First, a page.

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SERAPH.

A

COLLECTION

OF DIVINE

HYMNS AND POEMS

From the best AUTHORS.

To thee, O God,
To thee all angels, all thy glorious court on high,
Seraph and cherub, the nobility,

And whatsoever fpirits be
Of leser honour, less degree;

To thee, in heav'nly lays,
They fing loud anthems of immortal praise:
Still holy, holy, holy Lord of hosts, they cry;

This is their bus'ness, this their fole employ,
And thus they spend their long and blest eternity.

OLDHAM

E DIN BURGH:

Printed by R. FLEMING, and fold by YAIR and FLEMING in Company, and the other Booksellers.

M.DCC.LIV,

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P R E F A C E.

turn.

ANY

NY one who confiders the nature of man, must

needs own that poetry is very proper to work upon it; that it may be of excellent use unto him, and that it has in some respects the advantage of abftraet reasoning and philosophy.

Tis true, were we nothing but pure intelle&t, were we stript of Aes and blood, and arriv'd at that perfect ftate the saints above enjoy, then a bare abstraction of thought, and orderly ranging of ideas might serve the

But while we continue such beings as we are, while blood, and spirit, imagination and passion, make up a part of our nature, these must have their proper objects and incentives, or we fall scarcely engage in the queft of glory: For what are these but a sort of wings to the soul? She may creep, but will hardly foar without them.

Now the great businefs of poetry (as every one knows) is to paint agreeable pictures on the imagination, to actuate the spirits, and give the passions a noble pitch. All its daring metaphors, surprising turns, melting accents, lofty flights, and lively defcriptions, serve for this end. While we read, we feel a strange warmth boiling with. in, the blood dances through the veins, joy lightens in the countenance, and we are insensibly led into a pleasing captivity.

These are some of the genuine effects of poetry; so that without all quefiion, it may be of excellent use to mankind, may improve our souls, and serve as a powerful charm to deter us from vice, and engage us on the side of wisdom and virtue.

But then, for the same reason, it cannot be deny'd, that it may be equally pernicious. Profane and leud THE PREFACE. poetry is one of the greatest incentives to wickedness in the world, like the Syren's melody, while it charms it kills us. Vice is a deform’d and odious thing, and if expos’d naked, would have but few admirers; it owes all its luftre to false colours, and these it chiefly borrows from the poets ; 'tis they that smooth the monster's brow, and make her smile, that conceal her defeets, and set her off to the greatest advantage. How many, who wou'd have started at the open face of vice, have been entic'd into its fatal embraces by means of those bewitching disguises that poetry has bestow'd on it?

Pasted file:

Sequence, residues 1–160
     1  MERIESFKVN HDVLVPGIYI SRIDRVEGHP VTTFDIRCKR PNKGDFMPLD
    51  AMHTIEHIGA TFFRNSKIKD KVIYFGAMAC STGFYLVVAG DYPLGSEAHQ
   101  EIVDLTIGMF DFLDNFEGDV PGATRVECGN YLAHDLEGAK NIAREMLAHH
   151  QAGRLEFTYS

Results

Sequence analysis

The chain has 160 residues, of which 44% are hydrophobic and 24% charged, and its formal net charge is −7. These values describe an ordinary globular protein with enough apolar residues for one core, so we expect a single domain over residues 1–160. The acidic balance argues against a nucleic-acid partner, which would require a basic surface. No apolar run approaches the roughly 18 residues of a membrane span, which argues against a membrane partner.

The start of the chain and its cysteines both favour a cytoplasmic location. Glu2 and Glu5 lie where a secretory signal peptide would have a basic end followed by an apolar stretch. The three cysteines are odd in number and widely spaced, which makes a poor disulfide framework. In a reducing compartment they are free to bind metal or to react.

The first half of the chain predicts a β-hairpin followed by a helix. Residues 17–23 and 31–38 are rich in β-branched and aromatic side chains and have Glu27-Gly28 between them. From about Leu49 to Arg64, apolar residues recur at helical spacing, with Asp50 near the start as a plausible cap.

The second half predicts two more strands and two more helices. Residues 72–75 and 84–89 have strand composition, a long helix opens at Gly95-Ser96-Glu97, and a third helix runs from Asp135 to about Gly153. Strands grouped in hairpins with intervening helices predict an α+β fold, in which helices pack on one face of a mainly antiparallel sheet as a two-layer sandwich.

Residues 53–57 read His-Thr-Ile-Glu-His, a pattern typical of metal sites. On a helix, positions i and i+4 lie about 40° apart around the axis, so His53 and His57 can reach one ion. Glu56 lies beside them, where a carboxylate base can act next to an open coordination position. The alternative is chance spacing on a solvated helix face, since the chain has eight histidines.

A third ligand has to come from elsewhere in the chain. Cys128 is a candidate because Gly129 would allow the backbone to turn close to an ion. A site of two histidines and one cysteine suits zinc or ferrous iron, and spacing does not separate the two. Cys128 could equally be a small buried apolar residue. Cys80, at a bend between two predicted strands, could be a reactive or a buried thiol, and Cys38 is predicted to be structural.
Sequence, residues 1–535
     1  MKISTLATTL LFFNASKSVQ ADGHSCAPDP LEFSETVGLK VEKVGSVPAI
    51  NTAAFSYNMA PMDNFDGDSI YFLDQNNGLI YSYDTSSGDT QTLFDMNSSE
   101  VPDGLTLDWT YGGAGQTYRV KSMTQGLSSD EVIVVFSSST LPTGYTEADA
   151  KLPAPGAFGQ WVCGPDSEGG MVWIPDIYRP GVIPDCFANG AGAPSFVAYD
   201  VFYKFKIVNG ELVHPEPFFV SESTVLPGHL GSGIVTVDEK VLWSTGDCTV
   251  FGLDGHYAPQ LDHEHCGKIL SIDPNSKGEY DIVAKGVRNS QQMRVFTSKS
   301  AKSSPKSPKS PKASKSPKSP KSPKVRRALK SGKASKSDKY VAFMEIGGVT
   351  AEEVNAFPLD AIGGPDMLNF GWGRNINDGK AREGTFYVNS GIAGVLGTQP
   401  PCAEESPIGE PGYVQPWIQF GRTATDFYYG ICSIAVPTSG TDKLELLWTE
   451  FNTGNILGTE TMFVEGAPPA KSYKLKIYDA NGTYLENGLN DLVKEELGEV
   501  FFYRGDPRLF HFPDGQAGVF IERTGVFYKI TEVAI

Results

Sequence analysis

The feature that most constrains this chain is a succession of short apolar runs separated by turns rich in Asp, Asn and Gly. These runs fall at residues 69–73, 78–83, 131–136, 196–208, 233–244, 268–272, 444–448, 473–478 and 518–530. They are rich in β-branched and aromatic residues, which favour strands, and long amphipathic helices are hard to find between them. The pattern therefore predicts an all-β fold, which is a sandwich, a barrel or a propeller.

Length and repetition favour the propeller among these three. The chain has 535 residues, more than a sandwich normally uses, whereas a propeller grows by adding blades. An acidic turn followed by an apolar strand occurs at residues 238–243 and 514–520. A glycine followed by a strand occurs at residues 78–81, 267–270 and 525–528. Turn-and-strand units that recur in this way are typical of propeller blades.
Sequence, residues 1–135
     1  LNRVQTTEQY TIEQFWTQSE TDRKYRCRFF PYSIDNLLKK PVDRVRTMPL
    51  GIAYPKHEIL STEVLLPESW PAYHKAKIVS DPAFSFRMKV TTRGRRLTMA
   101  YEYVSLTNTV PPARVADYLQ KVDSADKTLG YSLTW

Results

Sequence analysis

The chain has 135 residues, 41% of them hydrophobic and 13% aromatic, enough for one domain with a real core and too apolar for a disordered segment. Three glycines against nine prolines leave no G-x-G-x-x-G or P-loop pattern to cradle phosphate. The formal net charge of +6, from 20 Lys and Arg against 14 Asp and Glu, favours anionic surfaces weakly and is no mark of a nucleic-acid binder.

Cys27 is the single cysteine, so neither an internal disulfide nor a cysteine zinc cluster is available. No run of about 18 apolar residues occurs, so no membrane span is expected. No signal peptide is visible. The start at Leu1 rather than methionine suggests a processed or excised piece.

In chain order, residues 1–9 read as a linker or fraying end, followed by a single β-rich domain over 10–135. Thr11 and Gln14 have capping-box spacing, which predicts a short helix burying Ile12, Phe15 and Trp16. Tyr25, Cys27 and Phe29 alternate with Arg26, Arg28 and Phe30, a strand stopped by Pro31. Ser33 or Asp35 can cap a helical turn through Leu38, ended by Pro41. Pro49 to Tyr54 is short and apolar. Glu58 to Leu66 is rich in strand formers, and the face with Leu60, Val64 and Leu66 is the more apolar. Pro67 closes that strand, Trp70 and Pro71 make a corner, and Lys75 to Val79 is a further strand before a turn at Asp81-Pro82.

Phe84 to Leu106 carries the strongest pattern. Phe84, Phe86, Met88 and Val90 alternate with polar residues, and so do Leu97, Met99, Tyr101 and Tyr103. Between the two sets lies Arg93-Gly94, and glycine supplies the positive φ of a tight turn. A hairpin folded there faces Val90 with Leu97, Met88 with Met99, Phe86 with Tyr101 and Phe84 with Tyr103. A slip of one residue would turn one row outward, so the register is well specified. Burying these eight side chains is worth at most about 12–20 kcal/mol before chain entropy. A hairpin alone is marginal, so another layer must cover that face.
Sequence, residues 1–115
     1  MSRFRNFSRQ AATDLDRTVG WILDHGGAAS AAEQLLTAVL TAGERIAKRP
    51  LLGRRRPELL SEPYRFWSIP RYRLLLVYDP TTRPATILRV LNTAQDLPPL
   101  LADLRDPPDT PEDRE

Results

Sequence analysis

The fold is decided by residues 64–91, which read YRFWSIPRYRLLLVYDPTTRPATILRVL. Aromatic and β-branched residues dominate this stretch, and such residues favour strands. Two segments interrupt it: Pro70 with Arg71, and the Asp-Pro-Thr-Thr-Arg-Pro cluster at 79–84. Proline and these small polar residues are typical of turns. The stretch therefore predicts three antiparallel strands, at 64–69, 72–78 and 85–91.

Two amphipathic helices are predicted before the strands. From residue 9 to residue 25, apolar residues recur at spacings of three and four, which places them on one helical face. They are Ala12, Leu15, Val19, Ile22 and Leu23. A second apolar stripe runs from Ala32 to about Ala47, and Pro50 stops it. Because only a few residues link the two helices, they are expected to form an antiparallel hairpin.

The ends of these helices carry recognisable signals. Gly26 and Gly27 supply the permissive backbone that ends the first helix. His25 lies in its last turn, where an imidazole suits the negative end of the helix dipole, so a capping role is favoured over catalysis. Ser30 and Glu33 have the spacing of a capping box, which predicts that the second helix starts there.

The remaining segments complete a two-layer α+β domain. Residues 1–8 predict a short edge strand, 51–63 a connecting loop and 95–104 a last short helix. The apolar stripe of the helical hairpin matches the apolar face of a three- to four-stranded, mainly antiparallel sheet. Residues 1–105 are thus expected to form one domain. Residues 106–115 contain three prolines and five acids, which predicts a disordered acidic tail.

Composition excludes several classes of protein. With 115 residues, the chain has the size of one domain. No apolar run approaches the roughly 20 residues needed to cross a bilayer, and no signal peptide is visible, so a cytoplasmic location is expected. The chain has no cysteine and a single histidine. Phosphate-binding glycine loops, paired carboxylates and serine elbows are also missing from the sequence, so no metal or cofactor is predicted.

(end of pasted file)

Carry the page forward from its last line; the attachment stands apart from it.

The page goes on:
poetry

Who, that has any concern for religion, or the happiness of mankind, can consider, without melancholy, what Store of prophane and lewd poetry these late times have produód, how much 'tis valued, and what great mischief is done by it? What numbers of plays, and other books of poetry and gallantry, are daily expos’d to sale ; which, besides the wit, (pity so excellent a thing should be employ’d to such forry purposes) contain nothing but fuel for mens corruptions ? that burlesque religion den fie its Author, and turn the most serious things into fulsome ridicule? Vice here rides triumphant, has foro, got to blush, and puts on that air of confidence which truth and virtue should only appear in : One would think these had resign'd up all their authority to it, and acknowledged vice to be the more noble and excellent thing. The antient heathens are at length conquer'd by us; and should the poets and comedians of those days return again, they'd freely own themselves outmatch'd by Christians, and wonder at our improvements in all the arts of wickedness. 'Tis strange, as well as deplorable, to see what credit the leudest authors obtain among us ; bow fast their infection spreads, and how fond men are of the instruments of their ruin. These are the famous volumes that croud the press, and enrich the printer and bookseller! Books of a contrary firain, tho their fubjects are never fo noble, and they are writ with a great deal of sense and wit, go off but dully, they want the most charming accomplishment, and don't agree (God

for

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